Textile industry on a rocky road | The Daily Star
12:01 AM, August 24, 2014 / LAST MODIFIED: 01:53 AM, March 08, 2015

Textile industry on a rocky road

Textile industry on a rocky road

Braces for huge loss as global cotton price falls sharply, is up against archaic central bank regulations

Bangladesh textile industry is in deep trouble as the global cotton price has dipped sharply, leaving it stacked with the raw material bought at a much higher price.

The worst is the industry could have easily avoided this loss but for the archaic central bank regulations that bar them from participating in modern financial instruments  hedging commodity importers from price fluctuations.

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For a country like Bangladesh which is the second largest garment exporter and is projected to be the top exporter, such old-fashioned regulations now create a big hurdle, as a tussle between yarn producers and garment manufacturers is imminent.

Textile lobby will try to avoid loss due to price fluctuation by factoring in yarn price based on high cotton price. But garment manufacturers will argue that since global cotton price has dipped, yarn price should drop correspondingly.

Bangladesh has some 400 spinning mills affiliated with the Bangladesh Textile Mills Association (BTMA).  Their 10 million spindles whir to produce about 1 lakh tonne of yarn a year to feed both the local and export markets.

For the knit apparels like T-shirts, they provide 90 percent of the yarn and for the woven apparels like shirts and trousers, at least 35 percent.

Bangladesh needs 40 lakh bales (each bale equals 480 pounds) of cotton a year for its domestic and export consumption. Only 25,000 bales are produced in the country, which is not regular, and the rest is imported from the USA, Africa, the Commonwealth of Independent States (CIS), India and Pakistan.

The total global cotton production was 117 million bales last year. China being the largest producer of fabric is also the top importer of cotton.  Its total requirement last year was 59 million bales, of which it internally produced 33 million. The rest 26 million it procured from the global market.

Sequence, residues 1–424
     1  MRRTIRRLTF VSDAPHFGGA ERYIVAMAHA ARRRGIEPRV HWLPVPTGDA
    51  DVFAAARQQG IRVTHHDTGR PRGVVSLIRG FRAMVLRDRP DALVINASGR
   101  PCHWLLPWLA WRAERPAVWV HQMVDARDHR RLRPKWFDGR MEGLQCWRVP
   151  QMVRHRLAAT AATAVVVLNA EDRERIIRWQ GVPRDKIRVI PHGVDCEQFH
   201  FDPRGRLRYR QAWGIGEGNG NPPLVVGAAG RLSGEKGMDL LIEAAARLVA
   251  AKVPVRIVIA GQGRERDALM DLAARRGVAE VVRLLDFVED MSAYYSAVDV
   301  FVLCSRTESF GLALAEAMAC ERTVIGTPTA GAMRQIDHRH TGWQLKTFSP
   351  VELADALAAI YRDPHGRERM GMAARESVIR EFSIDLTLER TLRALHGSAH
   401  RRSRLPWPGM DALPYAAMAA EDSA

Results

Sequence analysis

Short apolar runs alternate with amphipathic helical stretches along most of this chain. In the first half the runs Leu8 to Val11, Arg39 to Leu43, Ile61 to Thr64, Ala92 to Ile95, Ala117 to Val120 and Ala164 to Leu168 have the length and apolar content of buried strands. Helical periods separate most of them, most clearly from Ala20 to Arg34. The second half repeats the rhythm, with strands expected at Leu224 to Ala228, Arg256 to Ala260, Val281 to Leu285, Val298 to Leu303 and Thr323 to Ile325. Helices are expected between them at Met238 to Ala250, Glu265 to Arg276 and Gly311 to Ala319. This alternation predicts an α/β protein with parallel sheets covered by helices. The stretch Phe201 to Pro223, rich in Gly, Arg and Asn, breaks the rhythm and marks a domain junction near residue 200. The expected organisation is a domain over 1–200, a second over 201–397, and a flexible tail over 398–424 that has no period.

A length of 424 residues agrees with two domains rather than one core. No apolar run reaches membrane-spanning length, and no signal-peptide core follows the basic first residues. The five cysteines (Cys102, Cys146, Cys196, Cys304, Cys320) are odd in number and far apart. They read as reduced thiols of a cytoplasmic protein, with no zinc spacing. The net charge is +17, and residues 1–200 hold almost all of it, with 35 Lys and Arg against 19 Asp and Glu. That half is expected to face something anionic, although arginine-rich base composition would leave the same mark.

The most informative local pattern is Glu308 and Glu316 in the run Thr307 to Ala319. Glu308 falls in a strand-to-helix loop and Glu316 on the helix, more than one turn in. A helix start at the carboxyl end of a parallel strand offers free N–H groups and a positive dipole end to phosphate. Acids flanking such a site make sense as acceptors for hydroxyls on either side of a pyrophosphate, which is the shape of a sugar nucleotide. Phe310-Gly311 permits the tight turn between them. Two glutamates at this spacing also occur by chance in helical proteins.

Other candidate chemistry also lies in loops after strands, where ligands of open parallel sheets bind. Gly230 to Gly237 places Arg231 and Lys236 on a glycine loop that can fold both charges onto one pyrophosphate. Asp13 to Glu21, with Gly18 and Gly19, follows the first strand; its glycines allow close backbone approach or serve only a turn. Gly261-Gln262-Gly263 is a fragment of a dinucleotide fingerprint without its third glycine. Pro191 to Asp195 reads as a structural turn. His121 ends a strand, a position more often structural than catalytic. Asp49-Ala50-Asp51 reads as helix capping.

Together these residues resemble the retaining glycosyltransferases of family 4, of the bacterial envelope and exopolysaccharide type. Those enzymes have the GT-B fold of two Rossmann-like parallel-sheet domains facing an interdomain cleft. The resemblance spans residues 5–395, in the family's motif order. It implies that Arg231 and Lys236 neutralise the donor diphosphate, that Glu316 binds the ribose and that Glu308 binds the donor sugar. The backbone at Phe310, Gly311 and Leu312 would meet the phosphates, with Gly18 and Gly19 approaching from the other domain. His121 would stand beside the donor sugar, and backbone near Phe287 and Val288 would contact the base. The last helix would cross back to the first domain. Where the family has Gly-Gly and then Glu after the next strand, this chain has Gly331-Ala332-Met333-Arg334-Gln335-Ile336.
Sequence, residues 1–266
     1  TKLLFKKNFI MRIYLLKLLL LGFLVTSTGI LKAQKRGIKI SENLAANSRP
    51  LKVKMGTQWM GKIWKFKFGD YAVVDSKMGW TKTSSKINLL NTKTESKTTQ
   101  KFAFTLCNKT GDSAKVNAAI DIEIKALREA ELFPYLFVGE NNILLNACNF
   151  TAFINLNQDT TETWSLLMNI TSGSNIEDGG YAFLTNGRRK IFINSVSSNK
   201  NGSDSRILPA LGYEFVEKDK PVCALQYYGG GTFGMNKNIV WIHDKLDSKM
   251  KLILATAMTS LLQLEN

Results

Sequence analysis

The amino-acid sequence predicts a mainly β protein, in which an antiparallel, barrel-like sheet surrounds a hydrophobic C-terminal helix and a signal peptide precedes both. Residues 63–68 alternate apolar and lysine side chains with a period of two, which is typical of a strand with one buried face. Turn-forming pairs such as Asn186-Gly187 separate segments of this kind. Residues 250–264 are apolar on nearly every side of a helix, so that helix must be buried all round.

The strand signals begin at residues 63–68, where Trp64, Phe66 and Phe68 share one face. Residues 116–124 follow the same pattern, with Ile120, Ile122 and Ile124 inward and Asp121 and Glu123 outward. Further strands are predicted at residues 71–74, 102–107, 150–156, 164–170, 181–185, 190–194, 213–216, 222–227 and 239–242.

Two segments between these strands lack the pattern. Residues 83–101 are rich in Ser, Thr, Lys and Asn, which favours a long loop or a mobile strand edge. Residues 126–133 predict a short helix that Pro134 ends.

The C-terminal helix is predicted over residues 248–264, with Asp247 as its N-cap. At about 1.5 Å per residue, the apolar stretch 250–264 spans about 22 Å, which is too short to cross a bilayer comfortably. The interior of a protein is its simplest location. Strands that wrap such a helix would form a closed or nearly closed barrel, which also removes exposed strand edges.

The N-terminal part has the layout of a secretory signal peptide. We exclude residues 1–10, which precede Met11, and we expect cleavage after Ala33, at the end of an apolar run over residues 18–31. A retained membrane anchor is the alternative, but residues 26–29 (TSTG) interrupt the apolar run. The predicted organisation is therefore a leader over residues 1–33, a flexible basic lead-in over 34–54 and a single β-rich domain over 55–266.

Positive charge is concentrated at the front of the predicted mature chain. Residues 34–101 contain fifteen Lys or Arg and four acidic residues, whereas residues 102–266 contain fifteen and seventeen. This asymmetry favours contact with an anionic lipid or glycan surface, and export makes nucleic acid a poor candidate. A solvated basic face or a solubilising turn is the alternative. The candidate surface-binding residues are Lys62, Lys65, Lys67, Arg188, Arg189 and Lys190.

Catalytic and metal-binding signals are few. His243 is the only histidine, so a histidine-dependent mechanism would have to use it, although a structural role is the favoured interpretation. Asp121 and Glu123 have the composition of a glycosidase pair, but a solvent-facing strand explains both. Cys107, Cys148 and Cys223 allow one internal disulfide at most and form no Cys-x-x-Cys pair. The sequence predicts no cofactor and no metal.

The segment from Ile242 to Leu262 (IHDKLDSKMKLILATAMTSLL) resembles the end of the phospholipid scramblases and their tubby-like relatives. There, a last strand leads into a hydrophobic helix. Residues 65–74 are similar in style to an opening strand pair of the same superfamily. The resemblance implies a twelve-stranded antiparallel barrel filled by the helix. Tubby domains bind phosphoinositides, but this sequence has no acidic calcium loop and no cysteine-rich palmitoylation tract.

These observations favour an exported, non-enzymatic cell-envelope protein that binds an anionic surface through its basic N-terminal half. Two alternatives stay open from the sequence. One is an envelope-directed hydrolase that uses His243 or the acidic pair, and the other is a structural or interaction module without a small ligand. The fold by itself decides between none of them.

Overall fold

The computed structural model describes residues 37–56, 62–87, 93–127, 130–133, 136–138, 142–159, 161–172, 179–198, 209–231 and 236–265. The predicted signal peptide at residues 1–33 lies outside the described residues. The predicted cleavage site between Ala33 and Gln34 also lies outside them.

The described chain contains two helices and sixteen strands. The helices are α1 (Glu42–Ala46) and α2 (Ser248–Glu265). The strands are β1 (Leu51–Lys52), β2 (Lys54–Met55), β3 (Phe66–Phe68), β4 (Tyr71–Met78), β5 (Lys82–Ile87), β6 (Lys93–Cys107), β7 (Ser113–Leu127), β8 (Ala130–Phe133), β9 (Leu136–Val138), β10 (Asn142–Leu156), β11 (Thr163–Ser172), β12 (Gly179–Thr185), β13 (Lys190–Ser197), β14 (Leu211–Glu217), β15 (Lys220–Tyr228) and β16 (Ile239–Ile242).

But China right now is straddled with a huge carried-over stock of 69 million bales. To manage the carried-over stock, it discouraged further import by hiking duty on cotton.

This triggered off a global alarm that cotton demand will be less this year. Since June, cotton prices tumbled by 20 cents a pound from an average price of $1 a pound.

And this has left Bangladeshi spinners in a bad situation.

They had bought cotton at a higher price of $1 from the spot market. Since they could not take any hedging coverage, they were left in an open position meaning they were left uncovered for any fluctuations in the market.

The net result -- they either have to swallow the loss or the garment manufacturers will have to buy yarn from local producers at a higher price which does not reflect the global trend.

The situation is in stark contrast with other textile countries like India and Vietnam which allow hedging.

As much as it may sound simple, cotton procurement is a complicated method. Buyers from around the globe book their products at the Inter Continental Commodity Exchange, NY (ICE) where all agricultural commodities, metals like gold, copper, silver and even cattle are traded.  ICE market is electronically active eighteen hours a day.